Creative agency Havas Worldwide has issued another apology on Thursday, Aug. 1, the second in four days.
This was for the agency's role in creating an E-Pay advertisement campaign for Nets, which featured a local Chinese actor and deejay Dennis Chew portraying different people of various ethnicity, including a woman in tudung and a man with visibly dark skin.
The advertisement is controversial as it makes use of "brownface".
The agency said: "Havas Worldwide Singapore would like to apologise for any hurt caused by the recent campaign to communicate that e-payment is for everyone."
"The message behind the campaign is that e-pay is for people across all age groups and demographics," it added.
"Our multicultural society defines us as a nation, and we regret if anyone has been offended by the campaign."
Havas and The Celebrity Agency, which is Mediacorp's celebrity management arm, had issued a joint apology on Monday.
They both apologised for "any hurt that was unintentionally caused".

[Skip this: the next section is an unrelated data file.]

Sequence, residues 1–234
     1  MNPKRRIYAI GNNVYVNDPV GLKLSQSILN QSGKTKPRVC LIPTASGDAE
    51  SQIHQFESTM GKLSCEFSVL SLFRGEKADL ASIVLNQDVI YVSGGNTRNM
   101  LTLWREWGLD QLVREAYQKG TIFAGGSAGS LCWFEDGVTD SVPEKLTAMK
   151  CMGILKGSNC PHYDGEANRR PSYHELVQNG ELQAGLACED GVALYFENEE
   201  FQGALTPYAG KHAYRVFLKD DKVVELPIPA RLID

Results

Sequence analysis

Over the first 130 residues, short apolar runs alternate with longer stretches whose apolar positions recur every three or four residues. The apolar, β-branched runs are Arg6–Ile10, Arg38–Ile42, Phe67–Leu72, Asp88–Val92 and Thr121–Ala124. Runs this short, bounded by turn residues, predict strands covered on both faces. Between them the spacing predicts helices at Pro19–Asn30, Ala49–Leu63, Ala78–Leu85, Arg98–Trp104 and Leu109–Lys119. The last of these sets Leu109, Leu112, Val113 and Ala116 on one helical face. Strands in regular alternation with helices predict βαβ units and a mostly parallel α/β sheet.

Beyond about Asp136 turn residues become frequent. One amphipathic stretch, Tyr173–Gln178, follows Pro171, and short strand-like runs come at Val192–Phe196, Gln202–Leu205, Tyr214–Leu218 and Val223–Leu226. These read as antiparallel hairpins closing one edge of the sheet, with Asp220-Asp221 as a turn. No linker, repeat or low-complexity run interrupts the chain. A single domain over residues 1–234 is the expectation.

The statement read: "The message behind this advertising campaign is that e-payment is for everyone. For that reason, Dennis Chew, well-known for his ability to portray multiple characters in a single production in a light-hearted way, was selected as the face of the campaign."
Mediacorp also said it would put in place "more stringent safeguards... to prevent a repeat of such a mistake".
NETS has also apologised.
Dennis Chew removes mentions of ad from social media
Chew's Instagram initially featured him holding up a voucher with the four characters he portrayed.
In the video, he invited fans to attend an event to promote the E-Pay system.
It has since been removed from the social media platform.
Guidelines weren't breached
The Advertising Standards Authority of Singapore (ASAS), Singapore’s advertising authority, said on Aug. 1 that the ad did not breach any advertising code of practice.
It was, however, "in poor taste".
A police report has been lodged against the ad.
On Jul. 29, Preetipls, real name Preeti Nair, released a video addressing the recent “brownface” ad for E-pay.
However, she had complied with the Info-communications Media Development Authority (IMDA)'s notice to take down the video.
People who shared the video have also been asked to take it down by the IMDA.